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|Known for||Writing The Revolutionary Army|
Zou Rong (Chinese: 鄒容; pinyin: Zōu Róng; Wade–Giles: Tsou Jung; 1885-1905) was a Chinese nationalist and revolutionary martyr of the anti-Qing movement. Born in Chongqing, Sichuan Province, he was sent to Japan at an early age, where he studied the successful Japanese way of modernization. When he returned to China, he started to write essays on how to free the Chinese nation from the Manchu-Regime and foreign imperialism. In 1903, he published a little book on this topic: The Revolutionary Army. Closely associated with Zhang Binglin he was implicated in the Subao incident, which rendered him a prison sentence of two years. He died in prison.
Zou found the Qing government unable to deal with the contemporary crisis of colonization, weakness and corruption. For Zou, the Manchu were the source of China's inability to overcome traditional obstacles for modern reforms and he analyzed their mistakes and weaknesses point by point. He was also influenced by racialist Han ideology, as evidenced in his distaste for the Manchu governing class, as he advocated “annihilation the five million and more of the furry and horned Manchu race, cleansing ourselves of 260 years of harsh and unremitting pain, so that the soil of the Chinese subcontinent is made immaculate, and the descendants of the Yellow Emperor will all become Washingtons.”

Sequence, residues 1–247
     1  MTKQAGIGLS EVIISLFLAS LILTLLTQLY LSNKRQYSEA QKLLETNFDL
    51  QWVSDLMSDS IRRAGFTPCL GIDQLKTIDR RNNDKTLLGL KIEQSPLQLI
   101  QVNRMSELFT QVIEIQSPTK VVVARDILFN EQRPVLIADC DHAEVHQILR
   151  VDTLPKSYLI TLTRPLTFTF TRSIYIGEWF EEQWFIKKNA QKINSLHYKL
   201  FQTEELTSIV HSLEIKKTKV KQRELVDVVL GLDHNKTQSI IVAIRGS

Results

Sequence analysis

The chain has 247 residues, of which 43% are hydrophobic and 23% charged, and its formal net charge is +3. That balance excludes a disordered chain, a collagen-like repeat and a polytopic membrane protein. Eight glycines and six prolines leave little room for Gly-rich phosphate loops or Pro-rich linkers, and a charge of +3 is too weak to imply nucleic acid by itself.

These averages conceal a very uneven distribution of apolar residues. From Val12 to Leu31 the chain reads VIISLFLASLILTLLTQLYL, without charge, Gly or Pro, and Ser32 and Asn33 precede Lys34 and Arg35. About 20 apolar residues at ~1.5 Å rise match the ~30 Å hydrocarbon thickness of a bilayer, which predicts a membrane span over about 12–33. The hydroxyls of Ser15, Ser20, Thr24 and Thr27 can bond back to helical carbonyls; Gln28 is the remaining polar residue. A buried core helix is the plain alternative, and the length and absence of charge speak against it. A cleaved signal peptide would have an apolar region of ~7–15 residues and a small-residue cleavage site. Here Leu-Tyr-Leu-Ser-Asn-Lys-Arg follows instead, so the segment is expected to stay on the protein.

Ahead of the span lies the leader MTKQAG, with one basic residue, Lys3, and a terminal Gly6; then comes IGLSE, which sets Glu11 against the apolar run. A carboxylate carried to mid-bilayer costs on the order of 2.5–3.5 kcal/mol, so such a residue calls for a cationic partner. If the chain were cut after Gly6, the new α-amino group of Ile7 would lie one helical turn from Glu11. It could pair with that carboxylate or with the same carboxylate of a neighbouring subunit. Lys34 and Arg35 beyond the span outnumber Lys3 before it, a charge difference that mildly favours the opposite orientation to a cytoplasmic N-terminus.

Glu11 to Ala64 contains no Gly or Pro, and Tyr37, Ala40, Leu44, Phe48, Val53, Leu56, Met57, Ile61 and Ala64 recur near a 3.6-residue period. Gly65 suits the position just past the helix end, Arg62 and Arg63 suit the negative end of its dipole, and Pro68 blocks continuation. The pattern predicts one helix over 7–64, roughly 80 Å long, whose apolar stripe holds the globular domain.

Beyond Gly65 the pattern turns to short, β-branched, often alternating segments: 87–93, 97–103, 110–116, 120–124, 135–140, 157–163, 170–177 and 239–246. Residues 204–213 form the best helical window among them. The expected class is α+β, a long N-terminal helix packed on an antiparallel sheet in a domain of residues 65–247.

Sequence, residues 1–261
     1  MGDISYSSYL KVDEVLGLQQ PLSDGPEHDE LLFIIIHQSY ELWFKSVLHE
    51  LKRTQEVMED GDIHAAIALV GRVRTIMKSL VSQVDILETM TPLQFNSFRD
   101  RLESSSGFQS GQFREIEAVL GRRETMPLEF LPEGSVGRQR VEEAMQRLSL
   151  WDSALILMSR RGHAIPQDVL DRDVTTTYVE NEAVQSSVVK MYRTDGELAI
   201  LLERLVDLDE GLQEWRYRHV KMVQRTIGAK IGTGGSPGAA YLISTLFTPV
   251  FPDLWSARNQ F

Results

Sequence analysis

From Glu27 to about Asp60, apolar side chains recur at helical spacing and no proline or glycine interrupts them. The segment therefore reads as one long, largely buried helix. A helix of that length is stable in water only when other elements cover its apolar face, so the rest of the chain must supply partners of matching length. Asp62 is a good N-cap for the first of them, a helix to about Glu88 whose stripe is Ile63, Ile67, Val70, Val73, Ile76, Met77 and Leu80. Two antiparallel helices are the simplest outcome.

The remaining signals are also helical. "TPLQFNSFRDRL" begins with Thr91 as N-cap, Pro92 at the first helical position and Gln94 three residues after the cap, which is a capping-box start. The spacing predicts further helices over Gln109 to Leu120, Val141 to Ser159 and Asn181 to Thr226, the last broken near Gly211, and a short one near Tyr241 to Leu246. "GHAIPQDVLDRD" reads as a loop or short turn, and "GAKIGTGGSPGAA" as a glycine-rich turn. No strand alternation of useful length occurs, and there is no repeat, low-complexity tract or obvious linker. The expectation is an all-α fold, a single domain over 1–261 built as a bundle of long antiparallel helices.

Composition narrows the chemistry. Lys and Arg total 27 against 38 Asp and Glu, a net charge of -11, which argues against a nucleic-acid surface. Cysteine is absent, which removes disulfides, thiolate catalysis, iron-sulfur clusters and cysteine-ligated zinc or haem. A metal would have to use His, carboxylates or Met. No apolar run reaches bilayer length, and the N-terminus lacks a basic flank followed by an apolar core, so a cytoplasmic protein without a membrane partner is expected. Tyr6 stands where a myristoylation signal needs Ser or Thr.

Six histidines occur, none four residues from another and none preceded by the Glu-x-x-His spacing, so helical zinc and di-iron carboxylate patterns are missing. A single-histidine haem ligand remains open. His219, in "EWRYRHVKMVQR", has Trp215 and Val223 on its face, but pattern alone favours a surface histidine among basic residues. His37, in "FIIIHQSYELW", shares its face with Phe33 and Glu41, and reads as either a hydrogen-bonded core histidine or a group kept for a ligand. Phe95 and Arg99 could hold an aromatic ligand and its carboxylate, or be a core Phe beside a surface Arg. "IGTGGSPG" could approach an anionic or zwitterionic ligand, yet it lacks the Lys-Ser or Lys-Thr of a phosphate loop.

His calls for sovereignty of the Chinese people included the establishment of a parliament, equal rights for women, freedom of speech and freedom of the press. They were spread internationally by Sun Yat-sen. The Qing officials tried to arrest and silence Zou Rong. Ironically, he lived in a Foreign concession in Shanghai, where he enjoyed extraterritorial rights and could not be sentenced to death by a Qing Court. Instead, he was sentenced to a two years in prison, where he fell ill and died in April 1905 at the age of 20.
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